In the digital age, activism can be conducted in ways and space that we would never have imagined before. The ever-decreasing boundaries on people all around the world and how to interact with one another have made social activism an activity that can be conducted by a significant number of people worldwide that have the same cause. Young people all over the world have been at the forefront of the new age of social activism, not limiting themselves to advocating their causes in the form of formal government institutions and traditional offline protests, but also through social media and other digital platforms. Recently, this form of activism, mainly internet-based and spearheaded by young people, has been central in advocating for the global social movement on systemic and institutionalized racism, with the death of George Floyd becoming the catalyst for a revived #BlackLivesMatter movement all over the world. Social media such as Twitter has been utilized as a platform to further the movement's intention, for resource and internet activism.[i] The success of the movement on the internet is mainly led by young people and was bolstered by the active Twitter communities such as K-pop fans. So when Donald Trump announced that he was going to hold a rally on Juneteenth, a historically significant holiday for Black Americans, it angered many people. Before the rally, he claimed that one million tickets were being reserved. However, in a stunning fashion, his rally was attended by a small fraction of it. The reason? TikTok users and K-pop fans. This article will touch on how this phenomenon happened, how young people helped this social movement to be sustained and what does this mean to youth social activism.
On June 9, the United States' President Donald Trump announced that he would hold his first campaign reelection rally on June 19 in Tulsa, marking his first rally since the start of the pandemic. This was met with widespread criticism due to his decision of holding the rally in a historically significant holiday for Black Americans, Juneteenth, which is a holiday that commemorates the end of slavery in the United States. The place of the rally, Tulsa, was also the place of the racial massacre of hundreds of African Americans in the part of the city known as "Black Wall Street". This rally also was scheduled after the nation-wide protests on George Floyd's death and the demand to eliminate systemic inequalities on minorities along with protests against police brutality. This was perceived as an insensitive move from Trump amidst all the surrounding circumstances and led to criticisms and anger directed towards him.[ii] The rally was eventually rescheduled to the day after, yet the criticism still holds.[iii] On June 11, a TikTok by Mary Jo Laupp went viral when she urged her followers to register for the event without even going afterwards. This incited many videos that encourage people to RSVP for the event on the platform. In one of the videos, a user called on the support from K-Pop fans in the campaign, an idea which they quickly embraced.[iv] The campaign, which is mostly conducted by Gen Z-ers, registered hundreds of thousands of tickets to the event en masse and inflated the number of ticket requests, as a prank to empty out the stadium. Then, Trump's campaign manager Brad Parscale announced that there were over 1 million ticket requests for the rally, exceeding the 19,000-seat capacity of the venue. On June 20, despite the boast for a large turnout, the rally was attended by 6,200 people which is significantly lower than their previous claim.[v] This could mainly be attributed to the stunt that was orchestrated by young people on TikTok and Twitter, demonstrating their unusual tactic for social activism.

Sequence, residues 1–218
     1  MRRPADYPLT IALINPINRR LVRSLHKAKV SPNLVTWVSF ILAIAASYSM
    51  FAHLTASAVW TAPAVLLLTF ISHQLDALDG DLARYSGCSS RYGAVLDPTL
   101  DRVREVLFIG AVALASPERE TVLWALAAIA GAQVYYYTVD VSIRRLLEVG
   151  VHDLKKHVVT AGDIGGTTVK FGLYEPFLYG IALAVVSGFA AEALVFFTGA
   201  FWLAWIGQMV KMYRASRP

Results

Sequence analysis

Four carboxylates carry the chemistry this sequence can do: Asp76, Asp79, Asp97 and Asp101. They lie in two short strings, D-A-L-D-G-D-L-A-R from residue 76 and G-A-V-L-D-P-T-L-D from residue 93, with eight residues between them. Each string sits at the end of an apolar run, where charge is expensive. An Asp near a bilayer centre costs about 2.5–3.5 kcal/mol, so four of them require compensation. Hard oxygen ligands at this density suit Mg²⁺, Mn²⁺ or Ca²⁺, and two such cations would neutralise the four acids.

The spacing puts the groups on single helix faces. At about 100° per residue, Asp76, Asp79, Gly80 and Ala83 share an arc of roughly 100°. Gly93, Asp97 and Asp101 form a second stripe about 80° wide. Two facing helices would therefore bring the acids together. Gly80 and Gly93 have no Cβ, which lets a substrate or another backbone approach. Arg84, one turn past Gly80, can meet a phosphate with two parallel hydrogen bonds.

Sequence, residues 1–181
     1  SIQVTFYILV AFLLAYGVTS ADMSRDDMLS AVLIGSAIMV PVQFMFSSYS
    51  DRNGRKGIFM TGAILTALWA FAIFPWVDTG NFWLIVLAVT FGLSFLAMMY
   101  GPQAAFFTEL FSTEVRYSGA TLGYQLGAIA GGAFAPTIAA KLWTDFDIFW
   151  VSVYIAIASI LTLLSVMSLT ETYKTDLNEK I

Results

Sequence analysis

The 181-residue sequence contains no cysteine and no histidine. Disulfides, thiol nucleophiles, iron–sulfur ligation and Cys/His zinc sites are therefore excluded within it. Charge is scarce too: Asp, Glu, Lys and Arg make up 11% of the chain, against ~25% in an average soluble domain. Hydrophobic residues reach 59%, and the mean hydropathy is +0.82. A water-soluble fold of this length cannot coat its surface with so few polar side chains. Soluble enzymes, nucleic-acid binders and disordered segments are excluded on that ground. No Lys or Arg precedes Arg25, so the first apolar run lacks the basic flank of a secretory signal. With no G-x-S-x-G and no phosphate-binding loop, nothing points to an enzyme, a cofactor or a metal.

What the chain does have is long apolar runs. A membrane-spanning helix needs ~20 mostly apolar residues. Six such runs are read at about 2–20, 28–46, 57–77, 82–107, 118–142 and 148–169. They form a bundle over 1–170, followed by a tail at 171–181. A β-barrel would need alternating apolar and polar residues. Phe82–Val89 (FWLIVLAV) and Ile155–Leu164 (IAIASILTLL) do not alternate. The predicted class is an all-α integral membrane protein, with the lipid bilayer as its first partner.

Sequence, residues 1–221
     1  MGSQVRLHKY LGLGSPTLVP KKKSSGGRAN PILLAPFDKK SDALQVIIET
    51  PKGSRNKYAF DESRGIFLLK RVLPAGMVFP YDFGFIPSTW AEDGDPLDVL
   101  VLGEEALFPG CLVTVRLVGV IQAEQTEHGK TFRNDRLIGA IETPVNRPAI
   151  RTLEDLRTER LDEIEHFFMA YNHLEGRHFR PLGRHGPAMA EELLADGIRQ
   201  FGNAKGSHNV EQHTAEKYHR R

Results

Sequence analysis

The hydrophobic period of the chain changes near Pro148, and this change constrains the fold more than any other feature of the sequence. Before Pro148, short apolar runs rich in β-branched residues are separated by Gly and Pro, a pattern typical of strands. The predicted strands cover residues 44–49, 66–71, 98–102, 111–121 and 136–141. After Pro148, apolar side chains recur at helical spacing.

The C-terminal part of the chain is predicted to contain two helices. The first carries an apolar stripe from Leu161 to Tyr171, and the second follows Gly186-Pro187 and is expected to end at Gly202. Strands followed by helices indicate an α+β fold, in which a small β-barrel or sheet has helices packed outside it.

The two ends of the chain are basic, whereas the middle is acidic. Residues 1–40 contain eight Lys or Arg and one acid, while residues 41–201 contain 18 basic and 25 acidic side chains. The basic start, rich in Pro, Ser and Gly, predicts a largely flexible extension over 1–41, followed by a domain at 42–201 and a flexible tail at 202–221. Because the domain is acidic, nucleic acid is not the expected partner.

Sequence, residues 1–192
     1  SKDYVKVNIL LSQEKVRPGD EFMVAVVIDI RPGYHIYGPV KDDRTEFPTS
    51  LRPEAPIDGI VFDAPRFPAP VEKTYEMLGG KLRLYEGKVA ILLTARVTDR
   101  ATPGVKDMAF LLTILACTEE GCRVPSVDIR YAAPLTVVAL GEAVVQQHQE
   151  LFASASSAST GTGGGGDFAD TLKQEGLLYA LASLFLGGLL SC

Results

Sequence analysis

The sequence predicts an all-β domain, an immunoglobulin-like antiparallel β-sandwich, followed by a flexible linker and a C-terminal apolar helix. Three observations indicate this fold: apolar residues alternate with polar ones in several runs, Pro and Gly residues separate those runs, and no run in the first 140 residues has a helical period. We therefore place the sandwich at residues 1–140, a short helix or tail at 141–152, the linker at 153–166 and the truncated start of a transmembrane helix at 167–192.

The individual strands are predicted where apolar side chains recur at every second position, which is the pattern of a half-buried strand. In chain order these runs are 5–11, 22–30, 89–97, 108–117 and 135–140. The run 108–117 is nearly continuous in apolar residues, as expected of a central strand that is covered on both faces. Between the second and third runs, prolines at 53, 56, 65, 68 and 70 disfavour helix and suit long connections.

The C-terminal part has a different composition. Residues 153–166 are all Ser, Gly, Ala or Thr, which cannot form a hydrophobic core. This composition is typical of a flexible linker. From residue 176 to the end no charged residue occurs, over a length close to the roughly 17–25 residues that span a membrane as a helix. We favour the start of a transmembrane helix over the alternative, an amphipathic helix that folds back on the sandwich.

Some TikToks that encouraged the prank
Young People’s Efforts to Sustain the #BlackLivesMatter Movement
The prank on Trump was not the first time that these tech-savvy young people mobilize themselves in support for the Black Lives Matter movement. Since the movement gained traction in the aftermath of Floyd’s death, Twitter has seen young people, with the most prominent being K-pop fans, be a platform to heavily support the movement. When anti-Black hashtags such as #WhiteLivesMatter, #WhiteoutWednesday and #BlueLivesMatter started appearing on the platform, K-pop fans spammed the hashtags with “fancams” of their idols dancing. This move resulted in drowned out racist voices due to the countless K-pop-related videos that were posted by the fans.[vi] When the Dallas Police Department tweeted that they are asking cooperation from people to submit videos of “illegal activity from the protests” through its iWatch Dallas app, K-pop fans posted their idols’ fancams en masse. It resulted in the app crashing due to “technical difficulties” when it was in fact being flooded by K-pop fancams.[vii] It is actually unsurprising to have K-pop fans become an unforeseen ally for this movement as many fans have previously donated to charities in commemoration of their artists’ birthdays and other milestone events. This is not only to make them more socially aware, but also as a way to promote their idols.[viii] This mutual relationship is also demonstrated from the artists’ part, as they are expected to be set a good example for their fans. In this case, a significant amount of Korean singers also expressed their support for the movement with the K-pop group BTS donating $1 million to the movement. This compelled BTS’ fans, known as ARMY, to match their donation to the movement through a charity fundraising group “One In An ARMY” and the $1 million donation was achieved in a short time after.[ix] For TikTok, it has been synonymous with videos of people dancing to music since its release. But, there has been a subgenre in TikTok that has risen up and helped support social campaigns called Alt TikTok. In this community of TikTok, they do a lot of pranks and internet activism. They came up with strategies in conducting the prank where users deleted their posts after 24 hours to conceal their prank plan from Trump’s campaign. The similar objective and collective identity caused the unlikely alliance K-pop Twitter and Alt TikTok, where they were able to work with each other and pulled off this prank.[x] The growing amount of alternative forms of internet activism done by young social media users for this movement has been immense and proved to be successful as well.